Management = Jargon :(

So last night was the first time LBSC 635: Management and Administration for the Information Professional met. The instructors seem expert and definitely have interesting professional backgrounds. (I much prefer a class taught by practitioners as opposed to theorists.) They had all the information for the course laid out (ad nauseum) but the reading list wasn't actually dated, so that was a little confusing. This was the only class where there was pre-work for the first night of class (which I was surprised to find really interesting) and so it was nice to show up to class and feel like were were going to dig right in.

After the obligatory 1st day business (thanks for agreeing to partner with me Abby, Alana, and Kelly!) the instructor jumped into the lecture. Immediately my head started swimming and I felt completely lost. I don't understand what went wrong! I had done the reading prior to class (mostly) and had even gone through the powerpoint and created my own guided notes handout (bullet points and graphics from the ppt copied and pasted to a word document). While the instructor was presenting I just kept hearing the same terms over and over again without context or explanation. Or the context/explanation felt convoluted with other terms. I lost the narrative, or more accurately couldn't identify the narrative :( So what I learned in my first management class came mostly from the readings I did and the notes I prepared prior to class.

The outline for the night was:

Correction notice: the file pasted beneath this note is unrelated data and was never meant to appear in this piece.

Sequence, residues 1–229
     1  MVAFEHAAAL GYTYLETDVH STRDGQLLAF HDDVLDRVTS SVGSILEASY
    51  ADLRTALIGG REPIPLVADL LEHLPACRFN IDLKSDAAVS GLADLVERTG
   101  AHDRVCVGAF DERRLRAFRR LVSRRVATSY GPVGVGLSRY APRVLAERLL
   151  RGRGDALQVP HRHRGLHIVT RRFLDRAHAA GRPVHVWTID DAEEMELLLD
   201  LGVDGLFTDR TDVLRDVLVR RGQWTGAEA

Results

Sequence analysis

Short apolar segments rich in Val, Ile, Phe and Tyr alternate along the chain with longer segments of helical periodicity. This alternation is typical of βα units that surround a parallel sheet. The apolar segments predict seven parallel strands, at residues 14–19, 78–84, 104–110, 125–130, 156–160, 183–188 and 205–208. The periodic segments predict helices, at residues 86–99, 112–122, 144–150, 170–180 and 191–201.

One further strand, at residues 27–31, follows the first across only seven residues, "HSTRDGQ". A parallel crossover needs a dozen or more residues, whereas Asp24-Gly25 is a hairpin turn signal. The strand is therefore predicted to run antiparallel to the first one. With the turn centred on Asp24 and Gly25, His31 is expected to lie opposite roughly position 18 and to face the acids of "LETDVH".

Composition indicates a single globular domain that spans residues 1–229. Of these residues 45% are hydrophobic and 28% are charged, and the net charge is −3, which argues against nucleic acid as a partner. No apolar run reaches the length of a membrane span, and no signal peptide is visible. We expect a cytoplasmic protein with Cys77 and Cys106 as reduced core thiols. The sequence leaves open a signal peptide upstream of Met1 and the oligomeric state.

1. Management and Administration (An Overview)
    • Historical Summary
    • Administrative Theory
    • Change and Innovation

I started with the Koontz reading and found it relatively quick and a good overview. However, I did immediately notice that it was over 30 years old and so I wonder how applicable the information that it conveyed really is. The article address the variety of ways to study management and pokes (valid) holes in each of the methods. Koontz argues that none of these methodologies adequately provides a complete picture of management. My take away from this article is that the study of management needs to include people, resources, and systems. I would be interested to see a more current revision of this article.

Lubans' article merely listed the names of various management formulas and philosophies, about half of which were Greek to me. On the plus side this means that I recognized about half of the terms (yay!). I appreciated the definition of "Theory X and Theory Y." Theory X being the idea of micromanaging and Theory Y viewing the workplace as an opportunity for self-actualization (both of which statements are over simplifications I realize). If you were to put me on an X and Y axis I think I would land at (0,0). That location seems to fall into the team/leadership philosophy which I strove for in my classroom. I found Lubans' breakdown of a team as a management system/philosophy very relate-able.

Finally we read a series of biographies about notable management theorists: Rensis Likert, Peter Blau, Douglas McGregor, Lillian Gilbreth, Frederick Taylor, Max Weber, and Henri Fayol. I found Lillian Gilbreth's life/career inspiring. I heart Max Weber - he wrote the story of my life before I was even born. The most intriguing were Rensis Likert and Frederick Taylor. They are definitely worth more study than the few pages we were assigned. Additionally we were supposed to read two monographs about management, but we didn't come near to addressing those readings during the lecture. So I will skim over them for next week :)

The only thing that really stood out in my mind from the lecture was that:

  1. Administration has to do with looking outside the organization
  2. Management is focuses on the inner workings of the organization

But I did really enjoy viewing the TED talk on Magic + Management. What can I say I'm a sucker for anything about magic ;)

Koontz, Harold. (1980). "The Management Theory Jungle Revisited." Academy of Management Review, (5)2, 175-87.

Lubans Jr, John. (2000). "I Borrowed the Shoes, but the Holes are Mine: Management Fads, Trends, and What's Next." Library Administration & Management, 14(3), 131-4.

Have a great day and keep smiling! :)